Oftentimes immigrants from faraway places only know about a place or people from movies or television, which can often be sources of stereotypes.
Participants in Jewish Child & Family Services Resettlement program received a valuable lesson courtesy of Barbara Urbanska-Yeager, herself an immigrant from Poland more than 20 years ago.
Urbanska-Yeager teaches a unique curriculum in JCFS’ Refugee Resettlement program. In addition to language learning, the class also provides additional support such as life skills education, socialization and acculturation in order to prepare for citizenship.
Several months ago, Barbara’s ESL class had a very heated discussion regarding African Americans. She observed her students expressing what she characterized as “prejudiced opinions,” which was somewhat ironic as many of the students had recently fled ethnic and religious oppression. Urbanska-Yeager felt that the class would benefit from a trip to the DuSable Museum of African American History in Chicago’s Hyde Park neighborhood.
Prior to the field trip, Urbanska-Yeager went to the museum to meet the docent who was going to conduct the ESL class’ tour. She wanted the class to be educated on the significant milestones in African American history.
Urbanska-Yeager said the field trip was a huge success. The students “absolutely loved” the docent, a young African-American man. They actively participating in conversations with him and asked several questions. The interaction between the students and the young man was “touching and it was clear that the positive experience with a young African American man was helpful to them” she said.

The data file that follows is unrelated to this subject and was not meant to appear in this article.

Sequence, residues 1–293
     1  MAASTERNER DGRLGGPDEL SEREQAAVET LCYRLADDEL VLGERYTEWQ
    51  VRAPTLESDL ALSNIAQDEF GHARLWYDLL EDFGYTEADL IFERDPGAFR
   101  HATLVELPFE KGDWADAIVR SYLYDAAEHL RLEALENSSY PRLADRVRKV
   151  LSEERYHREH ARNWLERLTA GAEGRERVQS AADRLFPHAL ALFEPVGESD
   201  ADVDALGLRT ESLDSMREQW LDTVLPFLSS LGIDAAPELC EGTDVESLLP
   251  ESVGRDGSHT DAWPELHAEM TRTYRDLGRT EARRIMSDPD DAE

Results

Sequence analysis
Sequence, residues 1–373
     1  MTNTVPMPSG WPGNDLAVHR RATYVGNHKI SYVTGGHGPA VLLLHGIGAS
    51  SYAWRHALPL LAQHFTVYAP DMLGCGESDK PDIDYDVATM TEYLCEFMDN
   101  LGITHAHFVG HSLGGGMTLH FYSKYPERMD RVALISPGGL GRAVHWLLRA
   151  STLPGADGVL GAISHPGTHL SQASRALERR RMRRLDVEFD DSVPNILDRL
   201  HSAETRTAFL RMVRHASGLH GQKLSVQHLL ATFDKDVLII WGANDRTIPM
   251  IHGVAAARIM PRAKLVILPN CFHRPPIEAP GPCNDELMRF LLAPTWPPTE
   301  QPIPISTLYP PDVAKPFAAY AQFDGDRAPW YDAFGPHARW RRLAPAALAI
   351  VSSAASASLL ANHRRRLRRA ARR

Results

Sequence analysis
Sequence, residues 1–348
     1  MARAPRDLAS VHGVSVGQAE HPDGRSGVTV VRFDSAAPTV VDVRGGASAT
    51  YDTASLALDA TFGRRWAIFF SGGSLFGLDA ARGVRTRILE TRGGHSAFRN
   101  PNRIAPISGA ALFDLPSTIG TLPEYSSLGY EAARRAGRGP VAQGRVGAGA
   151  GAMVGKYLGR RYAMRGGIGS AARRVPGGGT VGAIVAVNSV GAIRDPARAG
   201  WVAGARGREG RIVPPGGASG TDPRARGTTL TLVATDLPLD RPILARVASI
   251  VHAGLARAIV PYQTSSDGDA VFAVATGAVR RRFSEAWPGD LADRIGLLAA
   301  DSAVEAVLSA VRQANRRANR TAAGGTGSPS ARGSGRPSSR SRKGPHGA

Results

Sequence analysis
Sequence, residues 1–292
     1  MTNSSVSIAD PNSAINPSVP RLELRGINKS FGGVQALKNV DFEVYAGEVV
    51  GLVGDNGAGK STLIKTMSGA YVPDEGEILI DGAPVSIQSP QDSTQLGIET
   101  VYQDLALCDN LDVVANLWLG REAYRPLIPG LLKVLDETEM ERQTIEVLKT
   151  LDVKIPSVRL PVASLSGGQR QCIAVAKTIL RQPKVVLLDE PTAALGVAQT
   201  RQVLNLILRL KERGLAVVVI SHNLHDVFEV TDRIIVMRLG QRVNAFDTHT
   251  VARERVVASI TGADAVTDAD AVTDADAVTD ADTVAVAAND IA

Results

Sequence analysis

Afterwards, the class and Urbanska-Yeager had a discussion and a review of what they had seen. One student, who had expressed particularly strong opinions, said “I understood better now how the history has affected African Americans, how difficult it must have been for them to be uprooted and disconnected from their families when they came here as slaves. I now have a better sense of how difficult slavery must have been for them and how that experience impacted future generations.”
The lesson learned from this experience? As Urbanska-Yeager put it, “I didn’t expect this trip would change their opinions, but was hoping it might help them be open to a new point of view. This is exactly what happened.”
The Hebrew Immigrant Aid Society (HIAS Chicago) has been a leader in the community, helping people through the immigration process. For information, call 312-357-4666, or for general counseling and support from JCFS, call toll-free 855-ASK-JCFS (855-275-5237).